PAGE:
The heart of Keynesian economics consists of an analysis of the determinants of effective demand. If one ignores foreign trade, effective demand consists essentially of three spending streams: consumption expenditures, investment expenditures, and government expenditures, each of which is independently determined.
John M. Keynes attempted to show that the level of effective demand so determined may well exceed or fall short of the physical capacity to produce goods and services: that there is no automatic tendency to produce at a level that results in the full employment of all available men and machines. This fundamental implication of the theory came as something of a shock to exponents of the traditional economics who had been inclined to take refuge in the assumption that economic system tend automatically to full employment.
He argued that it was demand that created supply. If aggregate demand rose, firms would respond to the extra demand by producing more and employing more people. But a fall in demand would lead to less output and rising unemployment. His central point was that an unregulated market economy could not ensure sufficient demand. He therefore rejected the Adam Smith/classical economics belief, which held out the promise of material progress in a laissez-faire environment. Keynes was convinced that market-based economies do not produce full employment automatically. He argued that there would be unemployment and depression from time to time in the absence of corrective government policies. In his view, government action was essential to stabilize an unstable economy. It was necessary for the government to intervene, to 'fine-tune' the economy by running demand-management polices; these were to counter current trends in the trade cycle - to speed up activity when there is too little, to slow it down when there is an excess. He believed that Governments should abandon laissez-faire and instead they should intervene to control aggregate demand. This might well mean running a budget deficit : in other words, the government spending more than it receives in taxes.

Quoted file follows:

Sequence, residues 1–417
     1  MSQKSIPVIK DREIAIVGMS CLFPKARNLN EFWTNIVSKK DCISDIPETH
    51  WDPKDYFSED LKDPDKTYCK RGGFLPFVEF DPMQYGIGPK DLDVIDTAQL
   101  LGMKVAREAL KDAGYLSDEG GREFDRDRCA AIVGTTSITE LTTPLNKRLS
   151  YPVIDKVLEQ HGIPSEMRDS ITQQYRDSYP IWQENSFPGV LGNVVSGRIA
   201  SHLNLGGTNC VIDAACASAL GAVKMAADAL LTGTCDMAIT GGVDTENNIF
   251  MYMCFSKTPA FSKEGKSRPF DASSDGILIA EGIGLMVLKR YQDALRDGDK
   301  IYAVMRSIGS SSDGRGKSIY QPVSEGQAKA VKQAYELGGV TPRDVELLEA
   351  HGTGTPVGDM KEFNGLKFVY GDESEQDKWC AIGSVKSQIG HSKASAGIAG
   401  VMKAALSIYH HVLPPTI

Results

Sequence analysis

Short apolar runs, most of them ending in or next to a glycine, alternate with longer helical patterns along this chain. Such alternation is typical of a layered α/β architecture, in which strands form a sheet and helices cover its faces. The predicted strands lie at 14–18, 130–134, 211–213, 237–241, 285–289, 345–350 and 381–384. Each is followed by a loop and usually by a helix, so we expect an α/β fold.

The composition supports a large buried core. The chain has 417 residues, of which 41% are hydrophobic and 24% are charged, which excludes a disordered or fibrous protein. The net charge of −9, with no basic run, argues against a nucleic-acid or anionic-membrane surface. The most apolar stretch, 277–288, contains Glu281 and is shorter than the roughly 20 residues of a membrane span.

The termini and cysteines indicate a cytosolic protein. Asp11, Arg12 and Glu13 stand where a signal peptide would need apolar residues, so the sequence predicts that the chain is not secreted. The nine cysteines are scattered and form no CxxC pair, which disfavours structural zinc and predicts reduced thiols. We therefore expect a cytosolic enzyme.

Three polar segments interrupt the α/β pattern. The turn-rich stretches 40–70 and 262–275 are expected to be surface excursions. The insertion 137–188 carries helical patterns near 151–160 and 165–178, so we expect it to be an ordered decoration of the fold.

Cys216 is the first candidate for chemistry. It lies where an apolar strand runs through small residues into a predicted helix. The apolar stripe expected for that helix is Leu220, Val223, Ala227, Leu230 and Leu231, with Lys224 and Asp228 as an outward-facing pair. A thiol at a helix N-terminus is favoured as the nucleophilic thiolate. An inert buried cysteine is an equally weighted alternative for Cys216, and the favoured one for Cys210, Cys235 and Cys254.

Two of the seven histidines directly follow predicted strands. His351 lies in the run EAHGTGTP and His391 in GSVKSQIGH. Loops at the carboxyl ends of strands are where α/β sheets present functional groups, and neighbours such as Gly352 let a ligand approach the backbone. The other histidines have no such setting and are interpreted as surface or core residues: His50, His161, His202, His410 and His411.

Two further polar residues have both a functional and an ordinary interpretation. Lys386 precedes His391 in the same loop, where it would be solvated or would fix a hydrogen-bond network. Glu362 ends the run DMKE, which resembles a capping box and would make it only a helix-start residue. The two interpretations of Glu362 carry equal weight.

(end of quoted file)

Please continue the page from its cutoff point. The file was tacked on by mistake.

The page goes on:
By keeping his attention focused on macroeconomic aggregates, like total consumption and total investment, and by a deliberate simplification of the relations between these economic variables, Keynes achieved a powerful model that could be applied to a wide range of practical problems. His system subsequently underwent considerable refinement, some have said that Keynes himself would hardly have recognized it, and became thoroughly assimilated into the body of received doctrine.
Keynes on the ownership of resources and property:
Keynes specifically rejected the need for public or government ownership of the means of production. He was concerned with the aggregate outcomes in the economy. He therefore did not direct his attention in The General Theory to the issues of what should be produced and how.
Keynes on the distribution of income:
Keynes was critical of the inequalities in income and wealth but argued that some inequality is necessary to provide incentive to entrepreneurs to undertake investment. There are valuable human activities, which require the motive of moneymaking and the environment of private wealth-ownership for their full fruition.
The General Theory was Keynes's last major written work. In 1937 he suffered a severe heart attack. Two years later, though not completely recovered, he returned to teaching at Cambridge, wrote three influential articles on war finance entitled How to Pay for the War, and served once more in the Treasury as an all-purpose adviser. As the war drew to a victorious conclusion, Keynes turned his thoughts to the design of international financial institutions calculated to limit the spread of depression. At the Bretton Woods Conference in 1944 he played a prominent part. But the institutions that resulted from the conference, the International Monetary Fund and the World Bank--two agencies that survive into the 1980s--bear much stronger marks of the orthodox theories of the United States Treasury of that time than of Keynes's thinking.